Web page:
KING: I feel badly for the people of Orlando that the Celtics decided to go back there and win it there.

BEGALA: I knew that the Boston and you take up for yourself.

KING: Right. Kevin and Paul are going to stay with us. When we come back, just whose voice is in the president's head? And still to come, our offbeat reporter, Pete Dominick, on what you really think about Washington. Stay right there.

(COMMERCIAL BREAK) KING: All right. Two of the best here for tonight's play-by- play. Before we get there, remember that voice you just heard there. We're going to come back to that in a minute. Kevin Madden and Paul Begala still with us. The president was out on the west coast last night, two big fund-raisers for Barbara Boxer, who's up for re- election could have a competitive campaign. And the president, he talked about the economy. He talked about this oil spill. Then he talked about, well, as Sarah Palin would put it, the hopey-changey thing.

(BEGIN VIDEO CLIP)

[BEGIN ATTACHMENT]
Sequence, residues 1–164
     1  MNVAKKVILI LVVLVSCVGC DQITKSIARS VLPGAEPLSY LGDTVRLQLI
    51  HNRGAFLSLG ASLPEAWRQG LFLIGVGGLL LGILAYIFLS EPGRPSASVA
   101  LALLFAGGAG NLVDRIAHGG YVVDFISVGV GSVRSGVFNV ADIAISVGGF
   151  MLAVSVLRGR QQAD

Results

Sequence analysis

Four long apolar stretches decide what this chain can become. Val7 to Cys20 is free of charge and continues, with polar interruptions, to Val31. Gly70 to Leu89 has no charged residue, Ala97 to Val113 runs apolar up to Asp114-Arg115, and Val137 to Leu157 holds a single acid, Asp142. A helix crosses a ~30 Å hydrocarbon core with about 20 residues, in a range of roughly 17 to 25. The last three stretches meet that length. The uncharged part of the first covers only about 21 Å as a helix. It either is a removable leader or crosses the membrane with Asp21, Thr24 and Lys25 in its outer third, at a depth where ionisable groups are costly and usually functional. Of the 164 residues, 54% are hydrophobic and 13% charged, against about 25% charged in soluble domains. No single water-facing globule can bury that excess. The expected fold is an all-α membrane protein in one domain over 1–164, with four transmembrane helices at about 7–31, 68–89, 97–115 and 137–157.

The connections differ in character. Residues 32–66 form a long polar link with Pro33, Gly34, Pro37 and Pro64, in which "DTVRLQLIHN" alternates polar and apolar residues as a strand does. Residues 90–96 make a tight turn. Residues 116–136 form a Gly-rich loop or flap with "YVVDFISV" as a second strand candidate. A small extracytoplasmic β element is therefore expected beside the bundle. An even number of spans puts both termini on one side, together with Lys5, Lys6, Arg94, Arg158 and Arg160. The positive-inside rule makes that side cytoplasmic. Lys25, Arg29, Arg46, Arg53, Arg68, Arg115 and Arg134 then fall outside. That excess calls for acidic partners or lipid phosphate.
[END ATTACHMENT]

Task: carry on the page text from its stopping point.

BARACK OBAMA, PRESIDENT OF THE UNITED STATES: I know it's been 18 tough months, and I know I've got more gray hair. I know, you know, some folks say, well, you know, he's not as cool as he was, you know, when he had all the posters around and everything, you know. Now, you know, I've got a Hitler mustache on the posters. That's quite a change.

(END VIDEO CLIP)

KING: He's funny when he wants to be.

BEGALA: You know, it's something we don't see enough of from this president, self-deprecating humor. It's the ultimate revenge just to be able to just laugh it off. And I think he looked good there.

MADDEN: That's true. And it does, I mean, it's a very important skill to have in politics, particularly, when you're going through a very tough time. And it's also a good way to kind of project it on your opponents which is that it's not something that I really take too personally.

KING: The president is a gifted communicator. His vice president can be a gifted communicator, but occasionally makes what we shall call faux pas. We've all been covering the story, the Democratic candidate the Senate in Connecticut, the state attorney general, Dick Blumenthal, said some things about his military record that weren't quite right, exaggerated, said at some speeches that he had served in Vietnam. You would think that no Democratic politician would want to touch that. No democrat politician except Joe Biden.

(BEGIN VIDEO CLIP)

JOE BIDEN, VICE PRESIDENT OF THE UNITED STATES: I was not in Vietnam. I don't want to make a Blumenthal mistake here, but God love him, as my mom would say.

(END VIDEO CLIP)